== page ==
Keywords:glacial-interglacial cycle, sulfur, foraminifera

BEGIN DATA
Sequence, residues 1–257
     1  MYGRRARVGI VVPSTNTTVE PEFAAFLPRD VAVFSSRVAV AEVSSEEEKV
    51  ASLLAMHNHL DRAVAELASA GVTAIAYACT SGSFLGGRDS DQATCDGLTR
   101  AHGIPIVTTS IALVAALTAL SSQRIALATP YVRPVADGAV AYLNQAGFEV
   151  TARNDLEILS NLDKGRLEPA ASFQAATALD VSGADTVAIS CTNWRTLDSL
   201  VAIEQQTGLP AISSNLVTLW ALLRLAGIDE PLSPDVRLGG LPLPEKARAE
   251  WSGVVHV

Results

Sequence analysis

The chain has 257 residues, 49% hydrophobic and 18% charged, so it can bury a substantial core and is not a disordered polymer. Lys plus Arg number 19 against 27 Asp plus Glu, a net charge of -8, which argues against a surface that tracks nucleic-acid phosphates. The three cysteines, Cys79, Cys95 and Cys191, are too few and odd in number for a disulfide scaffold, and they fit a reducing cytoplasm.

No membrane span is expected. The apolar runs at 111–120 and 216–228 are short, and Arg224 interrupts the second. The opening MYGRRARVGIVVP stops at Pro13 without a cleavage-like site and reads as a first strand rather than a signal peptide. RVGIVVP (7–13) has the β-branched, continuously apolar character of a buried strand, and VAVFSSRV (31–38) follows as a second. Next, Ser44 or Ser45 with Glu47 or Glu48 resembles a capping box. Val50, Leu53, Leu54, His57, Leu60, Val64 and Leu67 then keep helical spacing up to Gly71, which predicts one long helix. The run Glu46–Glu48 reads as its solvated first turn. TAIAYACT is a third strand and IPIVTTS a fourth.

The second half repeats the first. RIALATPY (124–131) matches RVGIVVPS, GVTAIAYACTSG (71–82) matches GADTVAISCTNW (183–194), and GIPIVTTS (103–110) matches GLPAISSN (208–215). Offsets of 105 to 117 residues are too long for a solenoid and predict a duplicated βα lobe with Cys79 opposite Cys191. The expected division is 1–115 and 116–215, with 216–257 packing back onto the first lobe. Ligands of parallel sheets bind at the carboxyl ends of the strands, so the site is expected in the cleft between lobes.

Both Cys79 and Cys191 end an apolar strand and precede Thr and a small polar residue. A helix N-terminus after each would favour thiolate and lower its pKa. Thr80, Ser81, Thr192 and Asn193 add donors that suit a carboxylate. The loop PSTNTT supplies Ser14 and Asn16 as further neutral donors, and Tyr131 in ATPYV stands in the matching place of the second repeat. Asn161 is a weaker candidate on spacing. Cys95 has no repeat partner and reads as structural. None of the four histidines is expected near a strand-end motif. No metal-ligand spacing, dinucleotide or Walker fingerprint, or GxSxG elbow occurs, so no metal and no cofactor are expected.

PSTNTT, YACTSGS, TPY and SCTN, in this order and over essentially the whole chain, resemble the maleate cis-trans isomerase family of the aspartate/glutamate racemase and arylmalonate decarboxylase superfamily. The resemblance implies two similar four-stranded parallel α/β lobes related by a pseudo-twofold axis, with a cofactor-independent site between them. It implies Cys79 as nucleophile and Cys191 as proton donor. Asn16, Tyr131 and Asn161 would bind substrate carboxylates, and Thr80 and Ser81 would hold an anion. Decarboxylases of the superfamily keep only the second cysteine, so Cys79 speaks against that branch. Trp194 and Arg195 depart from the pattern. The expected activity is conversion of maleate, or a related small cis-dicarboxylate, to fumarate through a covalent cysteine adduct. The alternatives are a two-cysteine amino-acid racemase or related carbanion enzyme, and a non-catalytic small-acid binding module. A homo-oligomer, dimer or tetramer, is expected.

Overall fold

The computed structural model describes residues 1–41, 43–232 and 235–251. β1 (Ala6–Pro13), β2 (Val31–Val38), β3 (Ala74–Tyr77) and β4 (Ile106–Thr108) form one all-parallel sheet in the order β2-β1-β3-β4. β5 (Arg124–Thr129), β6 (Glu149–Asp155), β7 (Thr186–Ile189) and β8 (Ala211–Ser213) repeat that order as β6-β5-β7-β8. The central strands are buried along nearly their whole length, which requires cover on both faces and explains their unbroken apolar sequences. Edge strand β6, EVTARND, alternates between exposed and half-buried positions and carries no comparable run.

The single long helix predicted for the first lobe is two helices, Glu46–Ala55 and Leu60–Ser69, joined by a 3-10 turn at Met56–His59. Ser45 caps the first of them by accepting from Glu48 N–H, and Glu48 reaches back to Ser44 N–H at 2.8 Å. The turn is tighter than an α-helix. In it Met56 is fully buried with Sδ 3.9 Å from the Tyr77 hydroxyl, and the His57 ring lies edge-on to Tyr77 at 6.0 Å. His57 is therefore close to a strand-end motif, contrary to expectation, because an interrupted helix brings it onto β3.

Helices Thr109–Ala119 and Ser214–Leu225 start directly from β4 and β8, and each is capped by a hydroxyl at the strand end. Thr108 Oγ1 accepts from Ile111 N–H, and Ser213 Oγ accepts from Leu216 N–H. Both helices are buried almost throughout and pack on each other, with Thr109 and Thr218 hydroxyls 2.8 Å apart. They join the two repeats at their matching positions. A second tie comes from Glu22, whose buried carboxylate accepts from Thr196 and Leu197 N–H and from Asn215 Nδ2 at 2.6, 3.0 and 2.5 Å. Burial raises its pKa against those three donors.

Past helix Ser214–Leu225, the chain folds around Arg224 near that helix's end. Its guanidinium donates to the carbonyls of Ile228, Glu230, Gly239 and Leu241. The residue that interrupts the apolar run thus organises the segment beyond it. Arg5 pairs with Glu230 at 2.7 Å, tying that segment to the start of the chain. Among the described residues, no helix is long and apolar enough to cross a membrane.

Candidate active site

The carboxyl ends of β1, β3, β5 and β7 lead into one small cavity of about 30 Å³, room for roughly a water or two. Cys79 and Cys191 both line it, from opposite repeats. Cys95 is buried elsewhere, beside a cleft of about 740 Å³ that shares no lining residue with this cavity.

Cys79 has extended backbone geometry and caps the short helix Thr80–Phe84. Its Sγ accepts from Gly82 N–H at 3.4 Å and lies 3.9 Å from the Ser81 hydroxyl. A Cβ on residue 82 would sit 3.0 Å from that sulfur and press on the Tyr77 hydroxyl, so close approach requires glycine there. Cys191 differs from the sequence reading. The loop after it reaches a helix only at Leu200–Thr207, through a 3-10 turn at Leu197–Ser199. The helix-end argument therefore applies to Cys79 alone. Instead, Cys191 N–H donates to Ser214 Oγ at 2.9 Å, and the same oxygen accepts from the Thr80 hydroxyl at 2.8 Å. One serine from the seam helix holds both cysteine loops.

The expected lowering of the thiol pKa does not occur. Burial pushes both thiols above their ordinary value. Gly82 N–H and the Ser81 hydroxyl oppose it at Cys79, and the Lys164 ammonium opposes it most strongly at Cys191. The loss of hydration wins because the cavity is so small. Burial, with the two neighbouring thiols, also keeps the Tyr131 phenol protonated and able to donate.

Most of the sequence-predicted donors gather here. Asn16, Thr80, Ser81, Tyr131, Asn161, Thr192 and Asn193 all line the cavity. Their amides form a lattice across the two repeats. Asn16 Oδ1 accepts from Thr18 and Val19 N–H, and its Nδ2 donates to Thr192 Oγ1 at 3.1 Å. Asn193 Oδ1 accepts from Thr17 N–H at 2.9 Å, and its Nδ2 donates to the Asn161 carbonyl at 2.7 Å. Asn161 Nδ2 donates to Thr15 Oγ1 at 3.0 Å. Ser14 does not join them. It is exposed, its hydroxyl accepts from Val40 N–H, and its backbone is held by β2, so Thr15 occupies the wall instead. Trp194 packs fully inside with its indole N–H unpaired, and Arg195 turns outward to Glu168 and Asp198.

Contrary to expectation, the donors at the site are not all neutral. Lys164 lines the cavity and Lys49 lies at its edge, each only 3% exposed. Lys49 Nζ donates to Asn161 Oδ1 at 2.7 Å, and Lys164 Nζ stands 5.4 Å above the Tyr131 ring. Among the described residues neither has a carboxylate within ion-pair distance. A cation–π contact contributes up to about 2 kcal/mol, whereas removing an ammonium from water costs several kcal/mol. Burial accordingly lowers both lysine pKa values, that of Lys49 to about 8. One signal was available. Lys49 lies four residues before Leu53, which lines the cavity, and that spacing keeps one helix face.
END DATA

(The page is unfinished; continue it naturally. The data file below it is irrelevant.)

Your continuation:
During the Quaternary, the Earth’s surface has experienced large changes in the extent of glaciation, sea-level, and temperature. The preservation of biogenic carbonates in deep-sea sediments reflects changes in deep-water circulation and in rates of production of carbonate and organic carbon in the surface ocean. The response of carbonate alkalinity to glacial-interglacial cycles provides important constraints on past oceanic carbon cycles. Because the relative activity of sulfate ions to carbonate ions in the calcifying fluids would influence sulfate incorporation into CaCO3, sulfate contents (or sulfur to calcium ratio) have been proposed as a potential archive of carbonate ion concentrations. However, the preservation of some trace elements in biogenic carbonates is highly susceptible to physicochemical conditions of sedimentation, thus the spatiotemporal variability of sulfur proxy in foraminiferal calcite is still under debate. Here we show a 1.0-million-year record of structurally substituted sulfur in foraminifera shells from the Ontong-Java Plateau. For this study, we used a synchrotron source micro-X-ray fluorescence (μ-XRF) as well as K-edge XANES to show the sulfur content and local coordination environment in mixed-species foraminifera. All chambers of foraminiferal shells were physically broken in a glass vial and then ultrasonically cleaned in de-ionized water, methanol, H2O2 and HClO4. The μ-XRF measurements were taken at a photon energy of 3000.0 eV with an acquisition time of 5 s. The ratios of sulfur to calcium is calibrated using carbonate reference standards. The XANES spectra suggested that the sulfur in foraminifera shells is predominantly in structurally substituted sulfate, and S/Ca ratios fluctuate between 1.0 and 1.5 mmol/mol. The glacial-interglacial cycles were not clearly defined in sulfur contents between 0.9-0.6 Ma, whereas after 0.6 Ma, the emergence of quasi-100 ka cycles was observed. To place the sulfur record into paleoceanographic context, we compare the data with water mass, carbon cycle, and the preservation of foraminiferal calcite in deep-sea sediments.